Really hoping to avoid having to do a full teardown. That's beyond my DIY skills unfortunately
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Last edited by 6ixSpd; 06-15-2018 at 09:27 PM.
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      06-16-2018, 12:15 PM   #3
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The non-return valves should come out pretty easily once you’ve unthreaded them completely. I went in thru the fender well so it was a fairly straight shot to reach them. If you think there might be gunk in your oil it’s worth it to check those.
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      06-17-2018, 10:29 AM   #4
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Nice story, good read. Happy to see things sorted now!
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      06-17-2018, 02:42 PM   #5
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Quote:
Originally Posted by Saico View Post
Nice story, good read. Happy to see things sorted now!
Thanks!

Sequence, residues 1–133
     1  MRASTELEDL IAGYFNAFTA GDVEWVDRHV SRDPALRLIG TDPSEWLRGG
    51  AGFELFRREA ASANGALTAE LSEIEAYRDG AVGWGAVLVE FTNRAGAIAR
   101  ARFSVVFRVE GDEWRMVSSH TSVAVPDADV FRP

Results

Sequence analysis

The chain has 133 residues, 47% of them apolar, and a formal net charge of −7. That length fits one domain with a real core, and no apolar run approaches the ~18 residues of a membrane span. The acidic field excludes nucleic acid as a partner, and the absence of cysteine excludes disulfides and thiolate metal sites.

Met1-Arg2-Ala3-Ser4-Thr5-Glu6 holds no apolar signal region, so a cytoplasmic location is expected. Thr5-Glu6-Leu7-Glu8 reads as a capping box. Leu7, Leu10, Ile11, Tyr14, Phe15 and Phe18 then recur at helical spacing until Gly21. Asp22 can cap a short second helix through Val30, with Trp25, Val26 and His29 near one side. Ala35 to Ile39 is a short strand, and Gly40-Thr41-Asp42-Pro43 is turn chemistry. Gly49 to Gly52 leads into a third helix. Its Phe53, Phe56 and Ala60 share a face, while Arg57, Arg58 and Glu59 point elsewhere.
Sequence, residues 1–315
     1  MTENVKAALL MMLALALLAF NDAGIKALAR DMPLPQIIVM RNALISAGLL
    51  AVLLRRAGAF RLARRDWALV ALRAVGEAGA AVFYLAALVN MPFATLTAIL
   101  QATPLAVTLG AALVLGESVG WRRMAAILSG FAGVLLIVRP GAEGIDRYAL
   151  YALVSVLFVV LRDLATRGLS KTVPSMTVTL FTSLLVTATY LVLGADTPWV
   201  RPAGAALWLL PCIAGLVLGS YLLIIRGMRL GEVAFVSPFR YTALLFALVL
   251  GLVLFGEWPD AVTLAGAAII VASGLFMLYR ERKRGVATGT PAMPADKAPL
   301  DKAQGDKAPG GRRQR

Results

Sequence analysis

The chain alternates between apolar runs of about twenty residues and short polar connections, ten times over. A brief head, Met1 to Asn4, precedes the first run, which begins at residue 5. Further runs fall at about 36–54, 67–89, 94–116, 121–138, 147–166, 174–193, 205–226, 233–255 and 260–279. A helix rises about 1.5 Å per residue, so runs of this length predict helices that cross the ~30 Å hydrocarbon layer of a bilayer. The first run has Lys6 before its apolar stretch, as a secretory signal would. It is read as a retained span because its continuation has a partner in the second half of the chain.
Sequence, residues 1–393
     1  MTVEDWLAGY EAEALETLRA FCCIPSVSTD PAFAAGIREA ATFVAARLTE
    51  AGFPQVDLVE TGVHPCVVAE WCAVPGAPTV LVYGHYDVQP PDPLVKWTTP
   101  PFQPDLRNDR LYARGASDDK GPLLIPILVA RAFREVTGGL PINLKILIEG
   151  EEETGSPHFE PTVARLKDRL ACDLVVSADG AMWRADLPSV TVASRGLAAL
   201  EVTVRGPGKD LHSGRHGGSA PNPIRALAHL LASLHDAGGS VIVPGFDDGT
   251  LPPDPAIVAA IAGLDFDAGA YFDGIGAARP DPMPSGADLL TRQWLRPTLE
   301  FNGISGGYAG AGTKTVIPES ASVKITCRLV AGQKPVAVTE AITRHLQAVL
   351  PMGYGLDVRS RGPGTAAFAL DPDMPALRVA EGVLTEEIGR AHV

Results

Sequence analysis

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      06-17-2018, 07:54 PM   #6
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Can these cam gear bolts be checked for tightness when the valve cover is off without any further dis-assembly?
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      06-17-2018, 09:04 PM   #7
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Great job diagnosing the car and not giving up man!
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      06-17-2018, 09:55 PM   #8
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The service bulletin on this (there may be updated ones):
https://static.nhtsa.gov/odi/tsbs/20...45283-5967.pdf
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      06-18-2018, 11:20 AM   #9
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Quote:
Originally Posted by CobraMarty View Post
Can these cam gear bolts be checked for tightness when the valve cover is off without any further dis-assembly?